Board member Bob Ages and chapter activists at Occupy Vancouver
The Vancouver Sun reports, “Close to 4,000 (about 5,000 according to NEWS 1130) Occupy Vancouver protesters, escorted by the police, peacefully marched through the city’s central business district, chanting slogans against corporations and growing social inequality. …The march through the downtown core at times mimicked the leaderless, loosely-organized Occupy Vancouver organizing group, with the procession splintering into separate marches, tying up traffic. …The event was festive with its participants at one point joining in a mass group-hug. …About the wide-range of grievances being voiced by speakers on the stage, B.C. Federation of Labour president Jim Sinclair said: ‘This is a wide tent because there is a wide group of people upset with the government and what is happening with capitalism in today’s world. And so you are see a real mixture: seniors, a lot of young people, and you see them coming together here and around the world. And hopefully the message is getting through to the top of the tower there that the system they made isn’t working for the rest of us anymore.’ …Protesters erected about 20 tents by mid-day with the intention of indefinitely occupying the VAG’s lawn.”
The Council of Canadians has provided three portable toilets for the occupation on the grounds of the Vancouver Art Gallery for the next month.
The Georgia Straight reports, “Local Council of Canadians activist Harjap Grewal was among protesters on Howe Street, adjacent to the main event on Occupy Vancouver’s kickoff day. ‘I think that this is a beginning, and it’s inspiring to see this many people recognizing what’s happening in the world in terms of corporate greed, and inequity in the world,’ Grewal said. ‘And we’re engaging, and there is a lot for us to learn from each other about many issues, from the system itself, to colonization, to other things that we’re going to talk about in the weeks to come. …The bankers and [Premier] Christy Clark and the governments that support the bankers are on notice,’ Grewal noted.”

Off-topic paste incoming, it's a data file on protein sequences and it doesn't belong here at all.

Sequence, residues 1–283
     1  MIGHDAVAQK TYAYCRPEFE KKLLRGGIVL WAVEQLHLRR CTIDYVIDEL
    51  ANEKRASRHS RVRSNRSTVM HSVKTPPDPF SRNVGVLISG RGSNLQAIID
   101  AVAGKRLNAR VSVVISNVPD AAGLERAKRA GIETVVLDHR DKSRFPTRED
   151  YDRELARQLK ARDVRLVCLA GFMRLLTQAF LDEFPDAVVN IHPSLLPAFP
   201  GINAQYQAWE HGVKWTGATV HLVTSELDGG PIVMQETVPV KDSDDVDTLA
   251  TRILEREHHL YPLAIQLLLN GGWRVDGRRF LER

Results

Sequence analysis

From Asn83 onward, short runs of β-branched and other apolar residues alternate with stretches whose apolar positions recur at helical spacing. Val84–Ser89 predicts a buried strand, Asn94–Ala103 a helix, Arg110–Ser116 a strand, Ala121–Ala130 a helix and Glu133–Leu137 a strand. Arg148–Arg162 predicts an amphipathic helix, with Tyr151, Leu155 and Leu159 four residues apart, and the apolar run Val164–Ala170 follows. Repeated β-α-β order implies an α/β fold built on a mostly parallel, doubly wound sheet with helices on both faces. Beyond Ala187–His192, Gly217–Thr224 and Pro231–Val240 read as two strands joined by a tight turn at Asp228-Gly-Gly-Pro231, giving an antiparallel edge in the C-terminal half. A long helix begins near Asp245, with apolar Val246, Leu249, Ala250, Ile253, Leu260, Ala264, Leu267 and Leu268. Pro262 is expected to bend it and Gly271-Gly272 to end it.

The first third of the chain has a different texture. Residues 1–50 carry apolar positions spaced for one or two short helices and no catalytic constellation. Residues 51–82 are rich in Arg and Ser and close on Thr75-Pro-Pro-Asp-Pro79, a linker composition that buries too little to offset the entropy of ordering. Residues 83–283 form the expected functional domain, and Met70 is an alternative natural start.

The Vancouver Media Co-op reports, “Another wonderful facet of the Occupy Vancouver declaration is their acknowledgment that Vancouver is already ‘occupied’ land. The working document reads, ‘We humbly acknowledge that Occupy Vancouver is taking place on First Nation territories.’ This small but poignant sentence signifies the forward thinking approach this movement is taking.” The first paragraph of the Occupy Vancouver Movement declaration reads, “We, the Ninety-Nine Percent, come together with our diverse experiences to transform the unequal, unfair, and growing disparity in the distribution of power and wealth in our city and around the globe. We challenge corporate greed, corruption, and the collusion between corporate power and government. We oppose systemic inequality, militarization, environmental destruction, and the erosion of civil liberties and human rights. We seek economic security, genuine equality, and the protection of the environment for all.”
CBC reports, “While there was a strong police presence at the event, Vancouver police reported a large but well-behaved crowd. ‘What’s interesting is the number of marches already. There was one main march that was in the neighbourhood of 2,000 people and it was very long,’ said Const. Jana McGuinness. ‘The tail end of it was at the Vancouver Art Gallery, when the front end was down to Hastings and back up to the art gallery, so that is a big march. They have also splintered a little bit which keeps up busy as well.’ McGuinness said police made no arrests, and there were no serious incidents to report.”
For additional reports – including Ontario-Quebec organizer Mark Calzavara’s ‘Occupying in Toronto’ blog and UPDATE: Barlow at Occupy Ottawa – go to http://canadians.org.
Photos from Occupy Vancouver at http://vancouver.mediacoop.ca/photo/hope-anger-courage-day-one-occupy-vancouver/8438 and https://picasaweb.google.com/109201891213682901261/OccupyVancouver?authkey=Gv1sRgCKi7_Lvmxu317gE&feat=email#.